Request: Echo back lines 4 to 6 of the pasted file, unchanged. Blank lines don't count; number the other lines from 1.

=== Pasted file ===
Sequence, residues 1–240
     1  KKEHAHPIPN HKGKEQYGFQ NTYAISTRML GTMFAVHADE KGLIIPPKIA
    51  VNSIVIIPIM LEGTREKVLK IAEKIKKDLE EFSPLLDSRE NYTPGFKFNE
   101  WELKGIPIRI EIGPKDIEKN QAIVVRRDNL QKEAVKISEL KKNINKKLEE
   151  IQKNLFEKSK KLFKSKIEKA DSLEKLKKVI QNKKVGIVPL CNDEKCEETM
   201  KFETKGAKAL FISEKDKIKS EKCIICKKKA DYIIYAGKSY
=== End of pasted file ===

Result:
   101  WELKGIPIRI EIGPKDIEKN QAIVVRRDNL QKEAVKISEL KKNINKKLEE
   151  IQKNLFEKSK KLFKSKIEKA DSLEKLKKVI QNKKVGIVPL CNDEKCEETM
   201  KFETKGAKAL FISEKDKIKS EKCIICKKKA DYIIYAGKSY